Months of debate and discussions, which were not always friendly, resulted in a budget “framework” agreed to by the Governor and legislative leaders.  The framework had two major components - an increase in education spending and significant changes in the public pension system.  The State Senate approved the compromise budget by a vote of 43-7 and the pension proposal that would require new employees to enroll in a pension system that includes a 401K style plan by a vote of 30-20.  The State House then prepared to consider both bills.  But then things fell apart.  The first problem was the compromise budget provided a total spending number, but it did not contain the final plan to collect the funding necessary to spend that amount.  By this time it appeared that an increase in either the sales tax or the personal income (but not both) would be necessary to balance the budget, but legislation with the final tax proposal to be voted upon was not made public.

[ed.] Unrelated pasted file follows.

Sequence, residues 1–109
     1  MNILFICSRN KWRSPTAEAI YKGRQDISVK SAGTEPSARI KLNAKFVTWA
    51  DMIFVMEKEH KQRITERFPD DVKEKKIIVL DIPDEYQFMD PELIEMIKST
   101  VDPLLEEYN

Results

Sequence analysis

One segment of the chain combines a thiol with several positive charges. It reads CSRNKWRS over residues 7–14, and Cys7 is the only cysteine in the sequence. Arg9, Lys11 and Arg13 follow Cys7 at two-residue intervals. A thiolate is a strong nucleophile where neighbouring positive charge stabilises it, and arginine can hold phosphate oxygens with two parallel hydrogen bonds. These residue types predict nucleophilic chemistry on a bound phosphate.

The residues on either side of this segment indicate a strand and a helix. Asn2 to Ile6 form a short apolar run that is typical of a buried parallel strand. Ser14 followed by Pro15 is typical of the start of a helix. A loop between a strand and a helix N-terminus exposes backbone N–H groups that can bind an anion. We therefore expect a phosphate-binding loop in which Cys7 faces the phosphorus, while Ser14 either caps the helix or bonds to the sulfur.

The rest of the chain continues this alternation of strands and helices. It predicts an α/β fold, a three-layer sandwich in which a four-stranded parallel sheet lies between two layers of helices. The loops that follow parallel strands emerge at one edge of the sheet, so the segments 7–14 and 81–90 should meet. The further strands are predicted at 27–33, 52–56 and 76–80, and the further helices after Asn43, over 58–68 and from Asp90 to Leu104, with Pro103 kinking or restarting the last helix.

The second problem was the House vote on the pension bill.  House Democrats opposed the pension bill unanimously, and House Republicans who were against the compromise budget proposal because it raised taxes saw an opportunity to scuttle the entire agreement by voting against the pension legislation.  The pension legislation subsequently failed by a large margin.  Without a pension bill in place, House leaders refused to allow the compromise budget to be voted on.  Instead, on December 23, the House decided to leave Harrisburg.  The Senate, desperate to send a budget proposal to the Governor, revived the budget the Governor had vetoed earlier in the year (which the House had already passed again), approved it, and sent it to the Governor.

That set the stage for the Governor’s news conference on December 29.  He announced he would approve parts of the budget, which would give public schools and service providers the funding needed to continue their operations into the 2016.  But he did not approve the entire budget.  As is his right under Pennsylvania law, he chose to veto approximately $6.3 billion in spending.  The programs suffering this “line-item” veto include colleges and universities, public school, corrections, and human services.  The Governor explained that by not approving this spending he was forcing the General Assembly to return to session to pass what he termed a “real” budget, built along the lines of the compromise budget passed by the Senate.  How the General Assembly reacts will be the first story of 2016, but it really is still a 2015 tale – 2016’s narrative will actually begin when the Governor presents his 2016-17 budget at the State of the State address on February 2, just over a month from now.